1st Workshop on Hardware/Software Techniques for Minimizing Data Movement (Min-Move 2017) @ PACT 2017


Workshop Program

Time Workshop Agenda (September 9th) Speaker/Authors Material
13:00 - 13:10   Welcome and Introductions   Adwait Jog (William and Mary) and EJ Kim (Texas A&M University)   (Slides)  
13:10 - 14:00   Keynote 1: Compute in-situ and in-transit   Lizy Kurian John (UT Austin)   (Slides)  
14:10 - 15:00   Keynote 2: When Moving Data is Expensive: What We can Learn from High Gas Prices   Yan Solihin (NSF/NCSU)   (Slides)  
15:00 - 15:30   Coffee Break      
15:30 - 16:20   Keynote 3: Toward a More Efficient and Manageable GPGPU Design   Jun Yang (UPitt)   (Slides, TBD)  
16:20 - 16:40   Exploring Non-Uniform Processing In-Memory Architectures   Kishore Punniyamurthy (UT Austin) and Andreas Gerstlauer (UT Austin)   (PDF) (Slides)  
16:40 - 17:00   Evaluating a Trade-Off between DRAM and Persistent Memory for Persistent-Data Placement on Hybrid Main Memory   Satoshi Imamura (Fujitsu Laboratories Ltd.), Mitsuru Sato (Fujitsu Laboratories Ltd.) and Eiji Yoshida (Fujitsu Laboratories Ltd.)   (PDF) (Slides)  
17:00 - 17:20   Opportunities for Processing Near Non-Volatile Memory in Heterogeneous Memory Systems   Zhenhong Liu (UIUC), Amin Farmahini-Farahani (AMD) and Nuwan Jayasena (AMD)   (PDF) (Slides)  

Keynote 1

Speaker: Lizy Kurian John (UT Austin)

Title: Compute in-situ and in-transit

Abstract: Moving data consumes time and energy. Computation can potentially be made more efficient by computing where the data is located (Computing In Situ) however there are several challenges in determining which pieces of data should stay where, and what kinds of compute can be integrated with various memory and cache layers. Some data movement is still essential and computation can also be accelerated by computing while data is being moved (Computing in Transit). This talk presents (i) various in-situ computing capabilities that will comprise both processing in or near main memory as well as computing within on-chip caches and memory close to the cores; (ii) novel in-transit compute capabilities that will enable cutting down on and in many cases completely eliminating unnecessary roundtrip data transfers by processing of data transparently as it is transferred between main memory and local compute cores or across the cache hierarchies.

Bio: Lizy Kurian John is B. N. Gafford Professor in the Electrical and Computer Engineering at UT Austin. She received her Ph. D in Computer Engineering from the Pennsylvania State University. Her research interests include workload characterization, performance evaluation, architectures with emerging memory technologies such as die-stacked DRAM, and high performance processor architectures for emerging workloads. She is recipient of NSF CAREER award, UT Austin Engineering Foundation Faculty Award, Halliburton, Brown and Root Engineering Foundation Young Faculty Award 2001, University of Texas Alumni Association (Texas Exes) Teaching Award 2004, The Pennsylvania State University Outstanding Engineering Alumnus 2011, etc. She has coauthored a book on Digital Systems Design using VHDL (Cengage Publishers, 2007, 2017), a book on Digital Systems Design using Verilog (Cengage Publishers, 2014) and has edited 4 books including a book on Computer Performance Evaluation and Benchmarking. She holds 10 US patents and is a Fellow of IEEE.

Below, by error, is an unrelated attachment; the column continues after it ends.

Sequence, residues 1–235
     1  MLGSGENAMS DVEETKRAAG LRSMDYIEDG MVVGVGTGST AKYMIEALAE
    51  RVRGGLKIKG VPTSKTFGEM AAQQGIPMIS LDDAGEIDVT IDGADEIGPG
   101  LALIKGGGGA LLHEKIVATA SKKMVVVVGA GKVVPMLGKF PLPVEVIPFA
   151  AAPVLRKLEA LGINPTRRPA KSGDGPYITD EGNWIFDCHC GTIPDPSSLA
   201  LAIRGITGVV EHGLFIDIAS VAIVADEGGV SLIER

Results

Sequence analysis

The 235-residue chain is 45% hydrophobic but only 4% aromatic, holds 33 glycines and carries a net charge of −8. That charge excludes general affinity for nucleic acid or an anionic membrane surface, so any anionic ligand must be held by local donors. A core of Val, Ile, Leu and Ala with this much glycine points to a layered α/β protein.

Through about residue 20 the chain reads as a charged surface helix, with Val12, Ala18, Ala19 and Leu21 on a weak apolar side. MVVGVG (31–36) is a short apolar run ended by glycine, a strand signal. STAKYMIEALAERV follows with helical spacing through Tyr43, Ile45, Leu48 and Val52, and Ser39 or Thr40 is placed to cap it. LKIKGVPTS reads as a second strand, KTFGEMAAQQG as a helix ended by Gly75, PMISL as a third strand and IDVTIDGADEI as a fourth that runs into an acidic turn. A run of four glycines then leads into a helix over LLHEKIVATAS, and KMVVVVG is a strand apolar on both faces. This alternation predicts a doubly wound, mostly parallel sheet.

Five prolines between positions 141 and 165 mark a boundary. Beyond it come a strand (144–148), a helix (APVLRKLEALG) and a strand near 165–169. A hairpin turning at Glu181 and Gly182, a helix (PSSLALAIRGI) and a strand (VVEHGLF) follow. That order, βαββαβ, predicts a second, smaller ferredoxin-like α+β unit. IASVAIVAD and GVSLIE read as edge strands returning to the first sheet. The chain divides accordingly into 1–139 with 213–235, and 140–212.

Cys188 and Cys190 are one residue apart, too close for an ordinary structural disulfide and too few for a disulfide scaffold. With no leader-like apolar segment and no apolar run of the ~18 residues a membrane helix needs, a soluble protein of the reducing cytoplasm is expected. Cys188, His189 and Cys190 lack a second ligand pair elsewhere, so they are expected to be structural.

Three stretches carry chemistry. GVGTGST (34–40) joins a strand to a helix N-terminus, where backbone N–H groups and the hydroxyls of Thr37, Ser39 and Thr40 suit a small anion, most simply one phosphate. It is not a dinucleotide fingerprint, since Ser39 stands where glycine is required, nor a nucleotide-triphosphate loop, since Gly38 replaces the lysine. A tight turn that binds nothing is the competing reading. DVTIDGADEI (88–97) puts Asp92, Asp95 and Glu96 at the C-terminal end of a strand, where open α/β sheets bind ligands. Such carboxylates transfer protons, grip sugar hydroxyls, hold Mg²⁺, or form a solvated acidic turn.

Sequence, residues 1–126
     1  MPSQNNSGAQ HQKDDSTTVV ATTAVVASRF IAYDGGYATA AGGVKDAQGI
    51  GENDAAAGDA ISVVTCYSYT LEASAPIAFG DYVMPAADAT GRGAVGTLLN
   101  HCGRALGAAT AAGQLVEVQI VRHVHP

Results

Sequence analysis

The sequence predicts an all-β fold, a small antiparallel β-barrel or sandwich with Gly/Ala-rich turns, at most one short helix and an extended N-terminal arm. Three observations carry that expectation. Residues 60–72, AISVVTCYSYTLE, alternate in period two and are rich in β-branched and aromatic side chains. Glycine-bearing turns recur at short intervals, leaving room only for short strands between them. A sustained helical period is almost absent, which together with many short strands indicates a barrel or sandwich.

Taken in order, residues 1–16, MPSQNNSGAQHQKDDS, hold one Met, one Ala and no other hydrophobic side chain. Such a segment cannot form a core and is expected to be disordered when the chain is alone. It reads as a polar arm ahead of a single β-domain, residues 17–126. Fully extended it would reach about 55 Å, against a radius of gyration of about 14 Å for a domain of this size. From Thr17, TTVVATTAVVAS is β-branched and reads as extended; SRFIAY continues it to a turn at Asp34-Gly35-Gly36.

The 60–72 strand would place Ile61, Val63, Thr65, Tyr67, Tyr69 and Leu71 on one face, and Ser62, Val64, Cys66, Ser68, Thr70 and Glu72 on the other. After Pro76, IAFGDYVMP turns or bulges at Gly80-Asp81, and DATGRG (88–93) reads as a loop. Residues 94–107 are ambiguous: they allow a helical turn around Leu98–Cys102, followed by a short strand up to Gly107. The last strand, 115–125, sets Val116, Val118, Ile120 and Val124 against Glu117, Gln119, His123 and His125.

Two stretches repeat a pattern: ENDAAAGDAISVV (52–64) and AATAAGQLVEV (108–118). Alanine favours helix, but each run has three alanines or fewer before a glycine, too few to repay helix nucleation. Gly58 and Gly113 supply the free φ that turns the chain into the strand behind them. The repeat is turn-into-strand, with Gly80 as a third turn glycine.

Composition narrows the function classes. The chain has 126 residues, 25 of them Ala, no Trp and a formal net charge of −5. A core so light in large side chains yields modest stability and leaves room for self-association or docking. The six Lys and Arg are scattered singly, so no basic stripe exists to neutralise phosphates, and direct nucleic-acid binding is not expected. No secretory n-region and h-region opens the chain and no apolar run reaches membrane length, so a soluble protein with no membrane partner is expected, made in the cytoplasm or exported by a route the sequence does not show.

Keynote 2

Speaker: Yan Solihin (NSF/NCSU)

Title: When Moving Data is Expensive: What We can Learn from High Gas Prices

Abstract: Processor needs data to be transported from memory in order to compute. Due to various trends in server architectures, some data will be located quite far away from the processor. In this talk, I will discuss strategies that can be deployed to reduce the cost of data transportation. Analogies can be found from the 2006-2008 time period when gas prices were high in the US, making people transportation expensive. Lessons from high gas prices can be applied to deal with expensive data transportation.

Bio: Yan Solihin is a Program Director at the Division of Computer and Network Systems (CNS) at the National Science Foundation, managing Computer Systems Research (CSR), Secure and Trustworthy Cyberspace (SaTC), Scalability and Parallelism in the eXtreme (SPX), and NSF/Intel Partnership on Foundational Microarchitecture Research (FoMR). He is also a Professor of Electrical and Computer Engineering at North Carolina State University.